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This SIMPLE wood finish will save you DAYS of shop time! (Shellac)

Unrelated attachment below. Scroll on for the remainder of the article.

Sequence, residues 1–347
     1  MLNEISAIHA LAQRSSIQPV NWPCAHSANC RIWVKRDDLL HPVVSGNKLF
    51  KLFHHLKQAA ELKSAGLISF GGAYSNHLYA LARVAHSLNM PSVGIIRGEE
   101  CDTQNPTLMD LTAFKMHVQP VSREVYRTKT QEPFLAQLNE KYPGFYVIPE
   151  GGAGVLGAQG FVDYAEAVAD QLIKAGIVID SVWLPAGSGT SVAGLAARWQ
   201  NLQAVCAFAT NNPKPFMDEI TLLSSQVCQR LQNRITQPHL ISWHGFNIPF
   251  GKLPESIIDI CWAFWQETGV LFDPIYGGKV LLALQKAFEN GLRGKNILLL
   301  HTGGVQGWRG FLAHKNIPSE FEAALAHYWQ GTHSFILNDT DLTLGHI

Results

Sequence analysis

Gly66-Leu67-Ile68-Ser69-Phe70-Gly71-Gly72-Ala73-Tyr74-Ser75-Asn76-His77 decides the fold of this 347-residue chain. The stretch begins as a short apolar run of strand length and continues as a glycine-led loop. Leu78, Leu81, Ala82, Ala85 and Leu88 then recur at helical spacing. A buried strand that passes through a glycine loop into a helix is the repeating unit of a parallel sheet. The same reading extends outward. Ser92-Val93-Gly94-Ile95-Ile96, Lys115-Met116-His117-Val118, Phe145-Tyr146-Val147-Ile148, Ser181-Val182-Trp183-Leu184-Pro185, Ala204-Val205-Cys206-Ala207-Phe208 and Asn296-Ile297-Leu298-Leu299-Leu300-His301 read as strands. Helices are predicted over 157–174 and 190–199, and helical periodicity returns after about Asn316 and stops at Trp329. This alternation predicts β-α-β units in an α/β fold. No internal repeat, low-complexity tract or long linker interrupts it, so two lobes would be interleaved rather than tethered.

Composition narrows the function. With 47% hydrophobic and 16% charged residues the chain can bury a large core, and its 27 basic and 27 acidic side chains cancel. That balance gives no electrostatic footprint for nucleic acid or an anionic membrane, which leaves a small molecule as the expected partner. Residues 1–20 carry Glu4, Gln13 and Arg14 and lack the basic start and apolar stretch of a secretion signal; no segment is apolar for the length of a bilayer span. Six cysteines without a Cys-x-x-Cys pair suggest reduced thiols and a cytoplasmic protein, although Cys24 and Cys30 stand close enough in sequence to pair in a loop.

first century shellac was widely considered to be the best finish for wood in the world then modern finish manufacturers convinced us that shellac was old-fashioned that's what your grandfather used the modern woodworker uses polyurethane I'm not here to bash polyurethane it has its place for sure but many Woodworkers have forgotten why shellac is such a great finish so today I'm going to explain why you should be using it how you should be using it and when you should be using it there are other videos about shellac out there but this is the best one you're going to watch because I'm going to answer a lot of questions others seem to ignore and by the end of this video I can almost guarantee that you're going to want to get out in your shop and put shellac on something first of all why would you want to use shellac as a wood finish well for one thing it is fast and really easy to apply you just wipe it on it's hard to mess up because it dissolves itself so you can fix a run that you may have missed on a later coat there is also no drying time to speak of shellac dries so quickly that you can often start the next coat right after the previous one is finished that means completing the entire finishing process can take just a few minutes or a few hours depending on the size of the project instead of a few days like other finishes shellac will also adhere to almost any other finish and almost any other finish will adhere to it as long as it's d-wax for example some folks like to put it over tongue oil or boil linseed oil for Extra Protection others put polyurethane over shellac it doesn't matter if it's water or oil based it's going to stick because shellac dissolves with alcohol it is very easy to repair even many years down the road it's also safe for the environment it's the excretion of the Lac Beetle and it contains no petroleum products in fact pure shellac is used as a food coating it's why your M M's melt in your mouth and not in your hands it also smells nice it's great for inside drawers or cabinets if you put natural oil in that sometimes it can smell a little rancid or petroleum can give up an unpleasant odor when you open the drawer finally shellac comes in different colors you have light blonde orange deep Brown it all depends on the type of tree that the beetle was eating you can use these colors to your advantage to give life to dull kiln-dried Walnut or to add a mellow aged look to lighter Woods like Pine or Maple you can even add aniline dyes to create your own custom wood stains so to summarize shellac is one of the most beautiful fastest to apply hardest to mess up simplest repair and easiest to clean up finishes out there so why isn't everyone using shellac on every project well part of the reason is that it doesn't produce a bulletproof plasticky shell like polyurethane or other modern finishes shellac can be durable it's been used for centuries on Floors but because alcohol will dissolve it it's not a great finish for a tabletop for example but I think the real reason shellac isn't more widely used anymore is because a lot of people are just afraid of it which is strange because it's so easy to use but they see folks using digital scales to weigh piles of Flakes and carefully measuring alcohol and they think it's easy to screw up it's not it's actually really simple if you understand just a few things so let me go through them in a couple minutes I'm going to show you how to make shellac from the flakes but I think the easiest way to get started using shellac for your first time is to just buy the pre-mixed cans most stores sell these in two versions one is labeled seal coat and the other is just labeled shellac now you could finish your entire project with either of these they're both pure shellac but there are some differences that you need to know about seal coat is extra thin shellac in professional terms this would be considered a two pound cut which is equivalent to two pounds of flakes dissolved in one gallon of water it's extra thin so it'll soak deeply into the wood fibers and Harden that'll partially seal the surface of wood and so some people take advantage of that to keep wood from absorbing stain and blotching that's why it's sometimes called sanding sealer but it's not just good for undercoating wood when you intend to apply stain you can use this for your entire wood finish it'll just take more coats to build up your protective film the can labeled shellac contains a higher concentration it's a three pound cut which is equivalent to three pounds of shellac flakes dissolved in one gallon of water this is fifty percent then more concentrated than the seal coat but it's not usually used in its full strength anyway most people will dilute this with about 30 to 50 percent alcohol depending on how thin you want your coats to be you'll develop your own preference over time but as a general guide for a new user I would say consider this the seal coat ready to use out of the can and consider the regular shellac to be a concentrate that you thin now since denatured alcohol which is what you use to thin it is relatively cheap the concentrate may be cheaper in the long run but if you have a hard time finding good pure alcohol where you live then the ready to go seal coat may be your better choice when you're just starting out now there is another difference between the two cans other than their concentration natural shellac contains wax that's fine if all you plan putting over a coat of shellac is another coat of shellac or a paste wax but if you want to put something else on top like a stain or a lacquer or a polyurethane you have to have de-waxed shellac out of these two only the seal coat version is d-wax this one is not you can put this over another type of finish but you can't put another type of finish over this another thing to consider when buying can shellac is the shelf life they say it'll last three years in the sealed can I think less once after you open it the older it is the slower it's going to cure so some Woodworkers consider it bad after just a few months while Others May tolerate it longer as a rule don't buy it until you need it and if you have some left over put a date on it if you still have it six months after you opened it then you should test it on some scrap wood before you use it again to test it just put a coat on a piece of wood and then let the Alcohol dry and if it still feels tacky for quite a few minutes afterwards then maybe you need to throw it away since the shelf life on a can of shellac unsealed is three years you really shouldn't know how old it is when you buy it off the store shelf zinser has a code that they use for their dates but it can be cracked here's how you do it the first letter identifies the plant it was made in so ignore that the first number is the last digit of the year in which it was made in this case there's a nine so it was made in 2019. the second number is the month of the year this is